Psoriasis (pronounced sore-EYE-ah-sis) is a common yet chronic skin disease. It is believed to be caused when a person’s immune system sends bad or faulty signals that tell skin cells to grow too quickly.
Normally, new skin cells grow every couple of weeks. The body will naturally shed old cells. This process keeps the skin healthy. If you have psoriasis, new skin cells form more quickly, in a matter of days. The body does not shed these excess skin cells. The excess cells then pile up on the surface of the skin, causing psoriasis.
There are different types of psoriasis:
Plaque psoriasis. This is the most common form of psoriasis. It appears as raised, red patches covered with a buildup of dead skin cells.
Guttate psoriasis. This is the second most common form of psoriasis. It appears as small, dot-like lesions. This form of psoriasis often starts in childhood or young adulthood.
Inverse psoriasis. This form of psoriasis appears as red lesions often found behind the knee or under the arm or groin.
Pustular psoriasis. This form of psoriasis appears as white blisters surrounded by red skin. Pustular psoriasis occurs most often on the hands or feet.
Erythrodermic psoriasis. This form is a severe form of psoriasis that leads to widespread patches across most of the body.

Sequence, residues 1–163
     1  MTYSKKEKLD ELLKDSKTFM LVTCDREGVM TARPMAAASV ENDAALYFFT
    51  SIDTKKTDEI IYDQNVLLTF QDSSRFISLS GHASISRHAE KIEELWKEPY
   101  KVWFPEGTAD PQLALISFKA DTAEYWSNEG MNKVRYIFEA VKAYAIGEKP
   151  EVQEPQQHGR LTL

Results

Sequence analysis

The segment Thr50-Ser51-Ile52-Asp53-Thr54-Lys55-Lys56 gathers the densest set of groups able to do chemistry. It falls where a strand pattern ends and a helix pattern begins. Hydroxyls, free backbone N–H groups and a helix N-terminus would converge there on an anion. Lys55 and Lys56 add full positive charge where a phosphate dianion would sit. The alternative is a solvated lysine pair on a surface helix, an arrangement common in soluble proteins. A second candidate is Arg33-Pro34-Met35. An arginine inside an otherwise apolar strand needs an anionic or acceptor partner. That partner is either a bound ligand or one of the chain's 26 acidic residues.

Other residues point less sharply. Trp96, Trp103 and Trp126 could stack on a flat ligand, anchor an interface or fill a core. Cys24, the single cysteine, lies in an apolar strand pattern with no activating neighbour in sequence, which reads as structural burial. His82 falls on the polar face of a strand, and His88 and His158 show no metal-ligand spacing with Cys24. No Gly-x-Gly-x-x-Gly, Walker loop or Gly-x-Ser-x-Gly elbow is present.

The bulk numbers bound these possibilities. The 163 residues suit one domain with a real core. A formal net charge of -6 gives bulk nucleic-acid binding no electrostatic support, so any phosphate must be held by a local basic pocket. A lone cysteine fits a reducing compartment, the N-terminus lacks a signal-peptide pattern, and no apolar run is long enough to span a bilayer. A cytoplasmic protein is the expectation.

Some people will get more than one type of psoriasis. There is currently no cure for psoriasis.
This disease is not contagious. You cannot contract psoriasis from another person, nor can you spread it to others.
If you have symptoms of psoriasis, you should contact your healthcare provider. You should also talk to your doctor if your skin condition:
- Causes pain or discomfort
- Makes performing daily tasks difficult
- Appears to worsen with treatment
Scientists are still trying to understand the cause of psoriasis. It is thought the cause may be related to a problem with the immune system. Genetics, or a family history, may also play a factor. Scientists do know that psoriasis is not contagious.
Psoriasis typically starts or worsens because of a trigger. Factors that may trigger psoriasis include:
- Strep throat
- Cut or scrapes to the skin
Your healthcare provider can usually diagnose psoriasis by examining your skin, scalp, and nails. In rare cases, he or she may take a small sample of your skin (biopsy) to rule out other skin disorders.
There are many treatments for psoriasis. Your treatment may depend on the severity of your symptoms. Treatment options may include:
- Topical treatments that will help reduce inflammation and relieve itching.
- Moisturizers to reduce itching, and dryness.
- Light therapy to slow cell growth and reduce inflammation.
- Oral or injected medications for severe cases of psoriasis. These treatments can have bothersome side effects, so be sure to talk to your doctor.
While you can’t prevent psoriasis, there are measures you can take to prevent future flare-ups. These measures include:
- Use moisturizing lotions to keep your skin from getting dry
- Use a humidifier to keep your skin moist
- Avoid medications that cause flare-ups
- Reduce stress
- Maintain a healthy weight through proper diet and exercise
Signs and symptoms of psoriasis are different for each person. Common symptoms may include:
- Red patches of skin that may cover a large area
- Dry, cracked skin
- Itching, burning, or soreness
- Swollen and stiff joints